Immediately after my marriage, I relocated to Princeton, NJ. I had no time to learn cooking. My previous experiences in the kitchen consisted mostly of hunting for midnight snacks. No, not even making tea. Nada, Zilch!
Armed with a few packets of 'masala' that my new mother--in-law promised would make me a kitchen diva, lots of enthusiasm and loads of time to kill, my culinary experiments began. Everyday my new husband would get a new dinner. But lunch? He loved sambar (Pet peeve here: Sambar, pronounced sa like the musical note 'sa', and bar like car, not bar like burr) and potato curry. I promised I'd make it everyday for the first 2 weeks to work his way to his heart. You know the proverb et al.
Every morning, I'd open the cupboard and find 3 large bottles of powder staring at me - 1 yellow, 1 orange and 1 red. I labeled them "Turmeric", "Rasam powder" and "Sambar powder". A note of explanation here - every tambrahm worth her filter coffee uses different spices for sambar, rasam (a thinner liquid delicacy made with tamarind - what else - and mixed with rice - again, what else) and kozhambu (another tamarind liquid, mixed with rice... no surprises here!) Every household has different proportions of the ingredients used for the rasam masala and the sambar masala, which determines the taste, pungency and most importantly the smell of the preparation.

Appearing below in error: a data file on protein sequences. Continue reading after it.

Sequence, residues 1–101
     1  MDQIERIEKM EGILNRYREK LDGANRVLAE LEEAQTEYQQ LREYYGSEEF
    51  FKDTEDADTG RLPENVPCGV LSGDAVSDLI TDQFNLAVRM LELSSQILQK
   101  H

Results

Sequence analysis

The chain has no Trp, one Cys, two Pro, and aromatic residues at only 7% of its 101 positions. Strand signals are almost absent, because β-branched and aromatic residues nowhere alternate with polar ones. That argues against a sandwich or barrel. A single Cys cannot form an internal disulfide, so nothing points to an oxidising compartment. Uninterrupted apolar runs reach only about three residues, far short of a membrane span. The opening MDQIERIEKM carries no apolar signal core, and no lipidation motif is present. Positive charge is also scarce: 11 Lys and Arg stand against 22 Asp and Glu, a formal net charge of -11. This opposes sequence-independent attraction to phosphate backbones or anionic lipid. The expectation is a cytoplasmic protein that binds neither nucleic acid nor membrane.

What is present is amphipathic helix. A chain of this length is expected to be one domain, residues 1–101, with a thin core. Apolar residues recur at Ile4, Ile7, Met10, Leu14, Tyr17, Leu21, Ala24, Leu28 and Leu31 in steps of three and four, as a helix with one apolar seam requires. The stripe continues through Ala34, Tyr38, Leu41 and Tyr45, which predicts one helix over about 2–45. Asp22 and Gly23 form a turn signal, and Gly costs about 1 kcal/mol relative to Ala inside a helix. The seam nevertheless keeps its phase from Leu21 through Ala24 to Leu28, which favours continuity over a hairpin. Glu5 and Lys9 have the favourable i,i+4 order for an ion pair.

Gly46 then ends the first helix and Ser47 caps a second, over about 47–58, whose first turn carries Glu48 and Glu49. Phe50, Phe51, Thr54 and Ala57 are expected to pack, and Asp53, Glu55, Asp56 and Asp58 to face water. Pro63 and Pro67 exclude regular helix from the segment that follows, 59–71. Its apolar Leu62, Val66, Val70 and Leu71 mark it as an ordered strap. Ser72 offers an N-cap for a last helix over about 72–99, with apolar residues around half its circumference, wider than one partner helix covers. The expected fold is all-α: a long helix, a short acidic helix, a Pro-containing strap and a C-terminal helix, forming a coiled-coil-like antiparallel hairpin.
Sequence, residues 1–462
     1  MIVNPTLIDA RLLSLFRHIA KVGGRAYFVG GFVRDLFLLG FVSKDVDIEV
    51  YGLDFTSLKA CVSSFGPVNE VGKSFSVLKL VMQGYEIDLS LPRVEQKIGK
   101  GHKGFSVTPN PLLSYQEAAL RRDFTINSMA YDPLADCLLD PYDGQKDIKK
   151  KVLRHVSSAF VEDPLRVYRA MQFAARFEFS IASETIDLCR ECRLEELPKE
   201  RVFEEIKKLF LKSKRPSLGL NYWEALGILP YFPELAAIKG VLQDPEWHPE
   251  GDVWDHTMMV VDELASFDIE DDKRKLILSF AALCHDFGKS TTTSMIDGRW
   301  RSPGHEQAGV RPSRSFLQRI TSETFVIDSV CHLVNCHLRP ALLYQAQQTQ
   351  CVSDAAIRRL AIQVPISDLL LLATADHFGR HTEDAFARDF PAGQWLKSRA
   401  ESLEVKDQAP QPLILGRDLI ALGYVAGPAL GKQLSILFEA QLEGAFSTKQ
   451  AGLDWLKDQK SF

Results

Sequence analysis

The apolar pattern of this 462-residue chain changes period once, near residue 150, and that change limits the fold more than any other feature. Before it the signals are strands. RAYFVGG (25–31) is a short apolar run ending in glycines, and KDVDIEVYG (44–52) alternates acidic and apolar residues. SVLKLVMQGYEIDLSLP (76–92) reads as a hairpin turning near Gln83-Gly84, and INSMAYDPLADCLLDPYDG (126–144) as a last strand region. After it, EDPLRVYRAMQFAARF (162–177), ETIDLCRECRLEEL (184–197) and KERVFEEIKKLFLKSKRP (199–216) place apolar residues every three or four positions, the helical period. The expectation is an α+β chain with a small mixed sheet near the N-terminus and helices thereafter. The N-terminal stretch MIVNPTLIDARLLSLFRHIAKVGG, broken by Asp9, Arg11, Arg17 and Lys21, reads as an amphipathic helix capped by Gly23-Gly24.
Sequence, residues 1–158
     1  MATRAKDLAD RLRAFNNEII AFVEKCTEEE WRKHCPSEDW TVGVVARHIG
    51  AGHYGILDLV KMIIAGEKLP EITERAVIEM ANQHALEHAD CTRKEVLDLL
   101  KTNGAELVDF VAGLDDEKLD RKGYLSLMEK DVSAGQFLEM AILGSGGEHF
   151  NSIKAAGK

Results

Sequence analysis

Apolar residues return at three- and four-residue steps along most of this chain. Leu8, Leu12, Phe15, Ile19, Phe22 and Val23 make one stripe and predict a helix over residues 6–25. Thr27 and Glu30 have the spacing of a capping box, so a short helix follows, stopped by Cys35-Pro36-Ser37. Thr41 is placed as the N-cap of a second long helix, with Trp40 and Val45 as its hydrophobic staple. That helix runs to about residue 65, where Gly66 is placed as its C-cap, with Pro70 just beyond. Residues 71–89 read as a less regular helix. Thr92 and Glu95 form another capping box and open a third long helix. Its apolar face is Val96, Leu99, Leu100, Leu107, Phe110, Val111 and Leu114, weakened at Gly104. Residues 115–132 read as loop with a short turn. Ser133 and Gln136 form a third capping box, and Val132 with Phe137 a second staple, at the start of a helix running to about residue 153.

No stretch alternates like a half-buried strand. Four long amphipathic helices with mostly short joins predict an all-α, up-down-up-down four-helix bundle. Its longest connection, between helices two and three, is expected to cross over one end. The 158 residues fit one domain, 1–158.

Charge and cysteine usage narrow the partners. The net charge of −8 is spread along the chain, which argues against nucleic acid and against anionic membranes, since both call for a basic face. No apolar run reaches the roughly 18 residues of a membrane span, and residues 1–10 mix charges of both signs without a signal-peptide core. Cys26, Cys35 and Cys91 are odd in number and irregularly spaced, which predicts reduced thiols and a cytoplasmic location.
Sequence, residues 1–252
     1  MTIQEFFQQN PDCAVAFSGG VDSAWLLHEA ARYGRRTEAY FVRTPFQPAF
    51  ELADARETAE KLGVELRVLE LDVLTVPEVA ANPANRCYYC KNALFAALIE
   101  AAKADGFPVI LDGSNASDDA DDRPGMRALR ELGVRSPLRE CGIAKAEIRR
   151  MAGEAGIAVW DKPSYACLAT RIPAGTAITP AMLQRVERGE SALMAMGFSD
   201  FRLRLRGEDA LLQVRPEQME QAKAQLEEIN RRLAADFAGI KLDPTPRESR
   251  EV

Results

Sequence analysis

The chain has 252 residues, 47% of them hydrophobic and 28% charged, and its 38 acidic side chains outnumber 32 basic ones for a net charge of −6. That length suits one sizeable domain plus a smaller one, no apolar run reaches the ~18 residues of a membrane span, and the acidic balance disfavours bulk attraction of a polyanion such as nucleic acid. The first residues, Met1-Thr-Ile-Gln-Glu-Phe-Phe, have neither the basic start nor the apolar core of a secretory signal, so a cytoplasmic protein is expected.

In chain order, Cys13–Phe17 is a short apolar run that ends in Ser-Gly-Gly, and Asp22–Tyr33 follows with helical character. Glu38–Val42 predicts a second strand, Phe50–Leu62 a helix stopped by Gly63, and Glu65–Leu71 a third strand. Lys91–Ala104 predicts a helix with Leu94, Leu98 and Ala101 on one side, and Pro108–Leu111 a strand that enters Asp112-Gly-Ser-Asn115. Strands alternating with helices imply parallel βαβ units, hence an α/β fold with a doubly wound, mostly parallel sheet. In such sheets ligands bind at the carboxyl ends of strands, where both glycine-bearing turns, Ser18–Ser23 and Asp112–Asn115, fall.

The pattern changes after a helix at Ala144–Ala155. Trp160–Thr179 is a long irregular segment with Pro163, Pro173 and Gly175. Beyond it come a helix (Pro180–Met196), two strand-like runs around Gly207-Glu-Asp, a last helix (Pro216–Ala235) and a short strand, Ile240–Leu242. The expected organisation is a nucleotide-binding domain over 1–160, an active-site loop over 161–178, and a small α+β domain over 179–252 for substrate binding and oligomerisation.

Lesson over. Back to Princeton. Everyday I would wonder why my mil had given me such a large quantity of turmeric powder. Yellow = Turmeric, Orange = Rasam powder and Red = Sambar powder. And every afternoon I would crib to myself that my husband's family's sambar powder was SO SPICY and that I missed my mom's spices. Every evening, my husband would gently ask me to add a little less sambar powder. This went on for 2 weeks. Then came a Saturday.
The husband said "You cook today. I will watch and give suggestions".
A bit nervous, I agreed.
I started making sambar AGAIN. And just when I reached for the sambar masala, I heard the husband go "Stop. Why are you adding this?"
I said "Well, sambar needs sambar masala. How do you make it?"
And once he stopped laughing he said "That is RED CHILLY POWDER"!!!!!!
I still smart at this incident, while my husband never misses a chance to tease me with it! Apparently my in-laws use only a certain brand of red chilly powder and had given me a kilo of the same. So yellow = sambar powder (they add more turmeric than my mom), orange = rasam powder and red = chilly powder (or patta podi) for kozhambu etc. Bah!
Here is a Karadi Tales rhyme to teach your children how to make sambar!